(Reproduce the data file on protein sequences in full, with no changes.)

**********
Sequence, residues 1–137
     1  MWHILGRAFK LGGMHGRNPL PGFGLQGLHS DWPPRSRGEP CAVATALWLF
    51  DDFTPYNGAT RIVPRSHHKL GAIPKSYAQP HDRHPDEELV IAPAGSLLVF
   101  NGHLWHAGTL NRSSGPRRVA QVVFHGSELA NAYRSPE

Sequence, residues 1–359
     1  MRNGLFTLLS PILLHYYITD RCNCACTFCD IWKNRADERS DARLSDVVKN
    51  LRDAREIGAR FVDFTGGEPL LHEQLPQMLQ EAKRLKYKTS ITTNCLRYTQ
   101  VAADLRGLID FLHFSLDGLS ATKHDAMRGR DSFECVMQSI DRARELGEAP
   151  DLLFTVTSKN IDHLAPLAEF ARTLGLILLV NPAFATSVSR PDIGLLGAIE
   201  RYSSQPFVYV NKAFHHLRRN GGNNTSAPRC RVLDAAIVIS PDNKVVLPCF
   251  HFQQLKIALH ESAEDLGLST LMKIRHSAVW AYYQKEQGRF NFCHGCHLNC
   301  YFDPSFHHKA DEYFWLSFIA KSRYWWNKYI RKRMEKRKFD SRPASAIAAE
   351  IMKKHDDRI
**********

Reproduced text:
Sequence, residues 1–137
     1  MWHILGRAFK LGGMHGRNPL PGFGLQGLHS DWPPRSRGEP CAVATALWLF
    51  DDFTPYNGAT RIVPRSHHKL GAIPKSYAQP HDRHPDEELV IAPAGSLLVF
   101  NGHLWHAGTL NRSSGPRRVA QVVFHGSELA NAYRSPE

Sequence, residues 1–359
     1  MRNGLFTLLS PILLHYYITD RCNCACTFCD IWKNRADERS DARLSDVVKN
    51  LRDAREIGAR FVDFTGGEPL LHEQLPQMLQ EAKRLKYKTS ITTNCLRYTQ
   101  VAADLRGLID FLHFSLDGLS ATKHDAMRGR DSFECVMQSI DRARELGEAP
   151  DLLFTVTSKN IDHLAPLAEF ARTLGLILLV NPAFATSVSR PDIGLLGAIE
   201  RYSSQPFVYV NKAFHHLRRN GGNNTSAPRC RVLDAAIVIS PDNKVVLPCF
   251  HFQQLKIALH ESAEDLGLST LMKIRHSAVW AYYQKEQGRF NFCHGCHLNC
   301  YFDPSFHHKA DEYFWLSFIA KSRYWWNKYI RKRMEKRKFD SRPASAIAAE
   351  IMKKHDDRI